Spain’s suicide rate highest in eight years

Figures from Spain's National Institute of Statistics (INE) show a surge in the suicide rate but heart attacks remain the leading cause of death.

Spain's suicide rate highest in eight years
Suicide was the leading cause of death in men aged 25-34. Photo: INE

The most recent data from 2012, released on Friday, reveals that 402,950 people died in Spain, some 15,039 (3.9 percent) more than in 2011.

There were 3539 suicides (2,724 men and 815 women), up 11.3 percent from the year before, a rate of 7.6  per 100,000 inhabitants. The figures were the highest since 2005.

According to official broadcaster RTVE, suicide was second only to cancer (15 percent of deaths) in the overall 25-34 age group, but the leading cause of death in young men (17.8 percent).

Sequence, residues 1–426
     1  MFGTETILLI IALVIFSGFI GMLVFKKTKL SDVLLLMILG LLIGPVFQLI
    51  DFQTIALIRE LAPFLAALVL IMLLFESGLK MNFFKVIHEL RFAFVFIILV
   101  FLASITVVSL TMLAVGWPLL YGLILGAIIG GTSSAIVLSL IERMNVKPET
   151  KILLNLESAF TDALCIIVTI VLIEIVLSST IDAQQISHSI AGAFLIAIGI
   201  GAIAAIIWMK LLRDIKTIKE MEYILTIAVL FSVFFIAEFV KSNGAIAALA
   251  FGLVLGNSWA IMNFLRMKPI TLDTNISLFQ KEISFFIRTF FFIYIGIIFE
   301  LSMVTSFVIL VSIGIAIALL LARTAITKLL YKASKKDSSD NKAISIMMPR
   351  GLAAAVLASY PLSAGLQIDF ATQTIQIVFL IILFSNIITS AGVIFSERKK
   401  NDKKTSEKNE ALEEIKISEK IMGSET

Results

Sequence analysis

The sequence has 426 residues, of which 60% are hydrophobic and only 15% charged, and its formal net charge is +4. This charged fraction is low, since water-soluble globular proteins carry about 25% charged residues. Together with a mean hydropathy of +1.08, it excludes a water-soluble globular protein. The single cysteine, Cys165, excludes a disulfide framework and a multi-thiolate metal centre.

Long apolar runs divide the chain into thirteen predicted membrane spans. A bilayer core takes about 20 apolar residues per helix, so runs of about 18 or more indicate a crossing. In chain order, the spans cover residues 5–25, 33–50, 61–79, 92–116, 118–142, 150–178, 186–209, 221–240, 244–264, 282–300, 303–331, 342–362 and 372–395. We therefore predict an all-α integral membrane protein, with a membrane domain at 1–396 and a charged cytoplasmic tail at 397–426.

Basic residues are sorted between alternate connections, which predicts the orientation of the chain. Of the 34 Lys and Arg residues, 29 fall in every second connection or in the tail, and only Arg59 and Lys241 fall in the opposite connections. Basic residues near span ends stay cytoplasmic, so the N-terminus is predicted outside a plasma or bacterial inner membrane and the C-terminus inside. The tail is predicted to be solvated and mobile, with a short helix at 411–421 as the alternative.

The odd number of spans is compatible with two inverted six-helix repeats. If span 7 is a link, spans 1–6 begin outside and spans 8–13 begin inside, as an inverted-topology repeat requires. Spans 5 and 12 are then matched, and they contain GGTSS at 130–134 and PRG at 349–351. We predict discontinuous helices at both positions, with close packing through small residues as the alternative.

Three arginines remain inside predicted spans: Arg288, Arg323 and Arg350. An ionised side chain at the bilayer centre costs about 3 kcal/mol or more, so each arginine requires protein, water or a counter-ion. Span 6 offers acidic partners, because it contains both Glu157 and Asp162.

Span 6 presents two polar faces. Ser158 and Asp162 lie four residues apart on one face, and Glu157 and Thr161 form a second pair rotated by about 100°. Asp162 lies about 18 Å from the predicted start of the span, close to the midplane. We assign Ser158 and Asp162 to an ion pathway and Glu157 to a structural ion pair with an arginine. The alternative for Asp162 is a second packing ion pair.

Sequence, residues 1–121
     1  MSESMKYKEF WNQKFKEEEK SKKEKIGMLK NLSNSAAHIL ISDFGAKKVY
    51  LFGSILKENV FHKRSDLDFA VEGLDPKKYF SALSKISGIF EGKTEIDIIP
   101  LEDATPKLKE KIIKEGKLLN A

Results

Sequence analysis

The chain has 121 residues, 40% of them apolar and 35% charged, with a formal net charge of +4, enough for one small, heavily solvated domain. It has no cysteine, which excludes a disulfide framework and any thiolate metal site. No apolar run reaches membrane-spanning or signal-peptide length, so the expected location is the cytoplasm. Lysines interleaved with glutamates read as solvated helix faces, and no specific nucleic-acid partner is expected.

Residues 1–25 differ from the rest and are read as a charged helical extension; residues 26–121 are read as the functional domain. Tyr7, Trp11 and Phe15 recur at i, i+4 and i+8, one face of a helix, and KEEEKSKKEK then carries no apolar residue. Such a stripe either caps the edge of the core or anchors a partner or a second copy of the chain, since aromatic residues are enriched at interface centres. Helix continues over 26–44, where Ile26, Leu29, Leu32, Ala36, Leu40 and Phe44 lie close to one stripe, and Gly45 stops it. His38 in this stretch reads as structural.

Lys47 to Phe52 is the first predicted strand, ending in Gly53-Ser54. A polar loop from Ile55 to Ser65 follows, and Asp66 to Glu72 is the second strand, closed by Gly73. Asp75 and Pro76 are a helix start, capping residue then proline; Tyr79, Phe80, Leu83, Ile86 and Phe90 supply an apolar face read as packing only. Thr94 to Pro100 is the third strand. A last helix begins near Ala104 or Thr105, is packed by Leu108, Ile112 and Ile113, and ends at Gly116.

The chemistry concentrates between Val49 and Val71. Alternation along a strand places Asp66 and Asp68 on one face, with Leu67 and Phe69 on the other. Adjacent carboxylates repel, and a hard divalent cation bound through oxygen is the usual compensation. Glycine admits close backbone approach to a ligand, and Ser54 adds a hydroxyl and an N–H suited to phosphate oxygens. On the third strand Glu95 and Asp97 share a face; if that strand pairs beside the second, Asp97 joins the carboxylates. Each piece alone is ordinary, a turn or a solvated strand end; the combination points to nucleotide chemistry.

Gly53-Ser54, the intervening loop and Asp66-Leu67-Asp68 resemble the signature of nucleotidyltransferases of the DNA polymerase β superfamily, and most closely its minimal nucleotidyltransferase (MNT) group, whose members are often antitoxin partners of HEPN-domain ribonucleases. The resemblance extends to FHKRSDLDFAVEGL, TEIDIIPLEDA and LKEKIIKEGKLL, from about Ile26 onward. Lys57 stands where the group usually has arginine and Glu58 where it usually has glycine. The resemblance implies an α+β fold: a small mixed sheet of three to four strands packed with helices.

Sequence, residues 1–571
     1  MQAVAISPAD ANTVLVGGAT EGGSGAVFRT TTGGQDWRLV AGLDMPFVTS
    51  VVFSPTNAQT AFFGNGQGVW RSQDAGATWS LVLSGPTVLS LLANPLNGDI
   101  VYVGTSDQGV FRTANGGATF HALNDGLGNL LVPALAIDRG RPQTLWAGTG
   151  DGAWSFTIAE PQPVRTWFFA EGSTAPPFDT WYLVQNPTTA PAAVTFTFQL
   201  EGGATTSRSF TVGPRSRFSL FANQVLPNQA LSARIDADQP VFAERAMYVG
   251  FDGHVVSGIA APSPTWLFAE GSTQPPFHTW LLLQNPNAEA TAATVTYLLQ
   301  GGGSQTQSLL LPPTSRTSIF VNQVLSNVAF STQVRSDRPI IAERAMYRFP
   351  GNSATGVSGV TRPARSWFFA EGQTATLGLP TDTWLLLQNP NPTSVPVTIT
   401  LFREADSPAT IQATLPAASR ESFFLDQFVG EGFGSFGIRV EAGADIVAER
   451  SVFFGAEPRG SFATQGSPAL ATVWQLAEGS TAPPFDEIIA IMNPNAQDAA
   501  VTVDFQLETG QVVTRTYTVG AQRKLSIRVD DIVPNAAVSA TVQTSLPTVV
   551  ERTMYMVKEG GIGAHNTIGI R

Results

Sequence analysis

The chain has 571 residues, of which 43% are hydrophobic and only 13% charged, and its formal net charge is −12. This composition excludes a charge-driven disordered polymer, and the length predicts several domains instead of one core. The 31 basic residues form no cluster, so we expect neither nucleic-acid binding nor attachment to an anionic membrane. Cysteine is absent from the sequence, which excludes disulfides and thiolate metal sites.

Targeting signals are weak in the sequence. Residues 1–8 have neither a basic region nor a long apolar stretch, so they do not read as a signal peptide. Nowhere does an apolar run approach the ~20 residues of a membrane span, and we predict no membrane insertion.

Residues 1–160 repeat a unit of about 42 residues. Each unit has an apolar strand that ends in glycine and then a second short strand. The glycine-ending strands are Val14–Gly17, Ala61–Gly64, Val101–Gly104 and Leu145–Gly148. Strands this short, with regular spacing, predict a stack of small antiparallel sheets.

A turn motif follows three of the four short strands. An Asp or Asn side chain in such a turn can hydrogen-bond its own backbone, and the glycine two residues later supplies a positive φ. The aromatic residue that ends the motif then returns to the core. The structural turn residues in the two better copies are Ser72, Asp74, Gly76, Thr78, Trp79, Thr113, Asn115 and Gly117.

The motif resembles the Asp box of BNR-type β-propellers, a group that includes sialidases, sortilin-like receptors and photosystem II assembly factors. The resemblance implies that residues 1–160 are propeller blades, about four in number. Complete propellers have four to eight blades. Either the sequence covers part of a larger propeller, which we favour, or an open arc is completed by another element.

Fatalities as a result of traffic accidents fell by 9.5 percent, to 1,915.

30.3 percent of deaths in Spain were the result of circulatory system failures such as heart attacks. This was closely followed by cancer (27.5 percent) and respiratory system illnesses (11.7 percent).

Nervous system illnesses like Alzheimer's disease were the fourth leading cause of death.

A 21 percent spike in the death rate in February and March compared with the previous year was attributed to a late-breaking flu epidemic. The same period saw deaths as a result of respiratory failure rise 53.6 percent year-on-year.  

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